History of theatre in Canterbury
The history of theatre-going in Canterbury dates back to Roman times.
The remains of a Roman amphitheatre still exist in the cellars of St. Margaret’s Street.
Tudor theatre is recorded as having taken place in several local inns. However, the City’s first true theatre impressario did not appear until the late 18th Century when Mrs Sarah Baker operated the Buttermarket House with great success.
Despite being illiterate, Sarah Baker was a very successful theatre manager, running three venues in Kent.
Following its demolition in 1789, Sarah Baker then opened Canterbury’s first purpose-built theatre in Orange Street in 1790. The facade of the theatre building can still be seen today.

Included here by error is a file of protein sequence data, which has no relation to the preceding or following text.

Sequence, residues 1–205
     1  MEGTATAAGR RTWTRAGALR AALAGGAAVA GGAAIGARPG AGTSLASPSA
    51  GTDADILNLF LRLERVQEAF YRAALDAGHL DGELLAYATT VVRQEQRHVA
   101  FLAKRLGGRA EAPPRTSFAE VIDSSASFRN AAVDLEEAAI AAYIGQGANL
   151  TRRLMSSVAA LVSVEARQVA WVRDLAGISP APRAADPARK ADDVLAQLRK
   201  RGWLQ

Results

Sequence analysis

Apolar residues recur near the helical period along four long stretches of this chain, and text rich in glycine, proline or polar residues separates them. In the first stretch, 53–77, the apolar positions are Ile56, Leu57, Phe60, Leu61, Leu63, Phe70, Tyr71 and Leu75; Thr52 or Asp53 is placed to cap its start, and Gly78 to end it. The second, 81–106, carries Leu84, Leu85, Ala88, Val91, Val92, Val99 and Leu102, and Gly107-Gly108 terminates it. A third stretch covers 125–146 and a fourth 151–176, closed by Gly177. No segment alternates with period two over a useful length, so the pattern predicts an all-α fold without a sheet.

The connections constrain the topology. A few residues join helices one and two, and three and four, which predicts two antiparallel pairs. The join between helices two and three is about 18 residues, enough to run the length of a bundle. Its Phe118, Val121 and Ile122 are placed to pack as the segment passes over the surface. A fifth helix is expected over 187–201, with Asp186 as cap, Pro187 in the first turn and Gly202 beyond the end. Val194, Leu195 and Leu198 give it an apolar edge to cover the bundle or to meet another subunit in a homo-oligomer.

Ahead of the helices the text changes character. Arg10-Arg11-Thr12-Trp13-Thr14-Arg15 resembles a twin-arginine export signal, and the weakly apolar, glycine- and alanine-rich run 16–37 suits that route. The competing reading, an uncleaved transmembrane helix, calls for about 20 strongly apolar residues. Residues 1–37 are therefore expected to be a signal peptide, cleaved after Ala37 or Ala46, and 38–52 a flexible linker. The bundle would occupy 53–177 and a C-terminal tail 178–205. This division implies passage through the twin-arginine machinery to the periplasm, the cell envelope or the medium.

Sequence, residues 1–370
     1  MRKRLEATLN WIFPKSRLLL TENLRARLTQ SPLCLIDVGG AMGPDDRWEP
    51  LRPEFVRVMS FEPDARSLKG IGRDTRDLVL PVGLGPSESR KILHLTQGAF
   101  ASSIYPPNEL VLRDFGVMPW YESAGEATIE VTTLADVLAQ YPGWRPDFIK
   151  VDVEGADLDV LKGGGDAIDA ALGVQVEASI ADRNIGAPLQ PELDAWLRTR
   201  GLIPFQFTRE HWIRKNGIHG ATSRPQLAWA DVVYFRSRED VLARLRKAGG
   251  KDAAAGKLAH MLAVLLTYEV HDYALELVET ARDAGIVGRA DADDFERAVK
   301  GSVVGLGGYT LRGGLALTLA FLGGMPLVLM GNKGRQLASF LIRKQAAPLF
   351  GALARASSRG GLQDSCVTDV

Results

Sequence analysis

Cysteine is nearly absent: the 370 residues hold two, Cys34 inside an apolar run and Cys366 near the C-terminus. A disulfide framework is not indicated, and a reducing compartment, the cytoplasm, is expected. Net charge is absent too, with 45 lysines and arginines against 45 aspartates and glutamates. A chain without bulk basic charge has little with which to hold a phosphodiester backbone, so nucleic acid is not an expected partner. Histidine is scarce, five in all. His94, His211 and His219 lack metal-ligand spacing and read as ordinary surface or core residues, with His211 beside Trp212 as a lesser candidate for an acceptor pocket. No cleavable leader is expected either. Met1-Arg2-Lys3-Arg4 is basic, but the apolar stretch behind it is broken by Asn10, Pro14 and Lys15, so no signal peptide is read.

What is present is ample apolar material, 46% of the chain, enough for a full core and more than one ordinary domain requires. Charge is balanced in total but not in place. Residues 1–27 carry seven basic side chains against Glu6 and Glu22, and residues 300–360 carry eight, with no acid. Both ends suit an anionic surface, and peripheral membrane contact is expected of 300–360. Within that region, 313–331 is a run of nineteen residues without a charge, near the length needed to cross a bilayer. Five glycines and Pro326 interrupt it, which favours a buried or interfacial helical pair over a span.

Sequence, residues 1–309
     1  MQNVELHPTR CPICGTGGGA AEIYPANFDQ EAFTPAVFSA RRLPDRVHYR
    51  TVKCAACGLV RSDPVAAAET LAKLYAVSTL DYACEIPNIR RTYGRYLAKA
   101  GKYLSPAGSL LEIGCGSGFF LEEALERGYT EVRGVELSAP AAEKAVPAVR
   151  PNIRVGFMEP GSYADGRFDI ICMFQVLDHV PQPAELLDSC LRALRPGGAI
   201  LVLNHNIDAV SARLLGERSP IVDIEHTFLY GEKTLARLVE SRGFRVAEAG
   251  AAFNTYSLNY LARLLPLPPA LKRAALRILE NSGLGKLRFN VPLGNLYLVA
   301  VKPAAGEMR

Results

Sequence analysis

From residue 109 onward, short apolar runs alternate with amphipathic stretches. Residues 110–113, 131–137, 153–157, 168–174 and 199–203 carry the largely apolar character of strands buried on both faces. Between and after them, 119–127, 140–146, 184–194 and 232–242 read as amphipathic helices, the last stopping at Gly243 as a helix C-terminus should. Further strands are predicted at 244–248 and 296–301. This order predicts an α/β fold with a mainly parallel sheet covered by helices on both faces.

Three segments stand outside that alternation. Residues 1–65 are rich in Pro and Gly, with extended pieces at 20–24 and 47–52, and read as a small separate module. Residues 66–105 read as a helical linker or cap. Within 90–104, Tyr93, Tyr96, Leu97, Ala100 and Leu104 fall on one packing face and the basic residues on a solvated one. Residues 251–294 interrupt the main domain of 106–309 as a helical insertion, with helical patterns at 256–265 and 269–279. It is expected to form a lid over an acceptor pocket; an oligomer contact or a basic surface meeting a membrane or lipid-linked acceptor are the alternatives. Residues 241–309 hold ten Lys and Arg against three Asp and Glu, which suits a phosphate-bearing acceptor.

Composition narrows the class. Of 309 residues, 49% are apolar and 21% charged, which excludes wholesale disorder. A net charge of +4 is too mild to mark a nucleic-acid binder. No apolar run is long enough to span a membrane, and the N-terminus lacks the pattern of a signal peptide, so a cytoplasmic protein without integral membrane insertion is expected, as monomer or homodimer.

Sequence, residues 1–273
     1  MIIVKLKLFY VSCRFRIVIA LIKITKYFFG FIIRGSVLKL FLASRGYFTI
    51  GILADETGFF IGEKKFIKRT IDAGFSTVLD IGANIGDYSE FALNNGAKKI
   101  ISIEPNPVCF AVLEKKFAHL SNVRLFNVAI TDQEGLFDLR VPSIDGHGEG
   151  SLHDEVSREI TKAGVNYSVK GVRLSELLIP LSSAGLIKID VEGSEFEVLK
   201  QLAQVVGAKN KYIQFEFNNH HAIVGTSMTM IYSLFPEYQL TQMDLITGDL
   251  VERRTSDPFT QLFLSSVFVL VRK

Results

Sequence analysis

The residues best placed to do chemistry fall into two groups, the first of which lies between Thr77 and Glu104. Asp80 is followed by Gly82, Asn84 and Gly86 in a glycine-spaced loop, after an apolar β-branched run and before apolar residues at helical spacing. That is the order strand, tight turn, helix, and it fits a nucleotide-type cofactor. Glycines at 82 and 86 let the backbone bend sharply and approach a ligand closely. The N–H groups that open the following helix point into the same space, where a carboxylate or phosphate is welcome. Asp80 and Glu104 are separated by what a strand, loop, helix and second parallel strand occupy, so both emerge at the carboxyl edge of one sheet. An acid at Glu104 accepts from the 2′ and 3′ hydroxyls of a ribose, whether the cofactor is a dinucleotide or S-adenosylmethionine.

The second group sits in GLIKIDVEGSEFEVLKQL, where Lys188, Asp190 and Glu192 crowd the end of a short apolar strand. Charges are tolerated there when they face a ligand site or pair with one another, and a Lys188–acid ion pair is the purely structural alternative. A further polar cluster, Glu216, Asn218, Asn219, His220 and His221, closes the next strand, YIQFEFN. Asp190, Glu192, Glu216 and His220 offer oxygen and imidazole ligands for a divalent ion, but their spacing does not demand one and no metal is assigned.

This theatre was succeeded by the Old Theatre Royal in the 1860s, designed and paid for by local artist Sydney Cooper. This was situated in Guildhalll Street and continued to operate until 1926. Charles Dickens performed a reading of David Copperfield there in November 1861.
A small theatre then opened in St Margaret’s Street just before the First World War. In the 1920s, it was converted into a cinema called the Central Picture Theatre. Failing to compete with the other new cinemas. it was then turned into a theatre for use by amateur performers.
In 1949, the city council bought the building and turned it into Canterbury’s first Marlowe Theatre.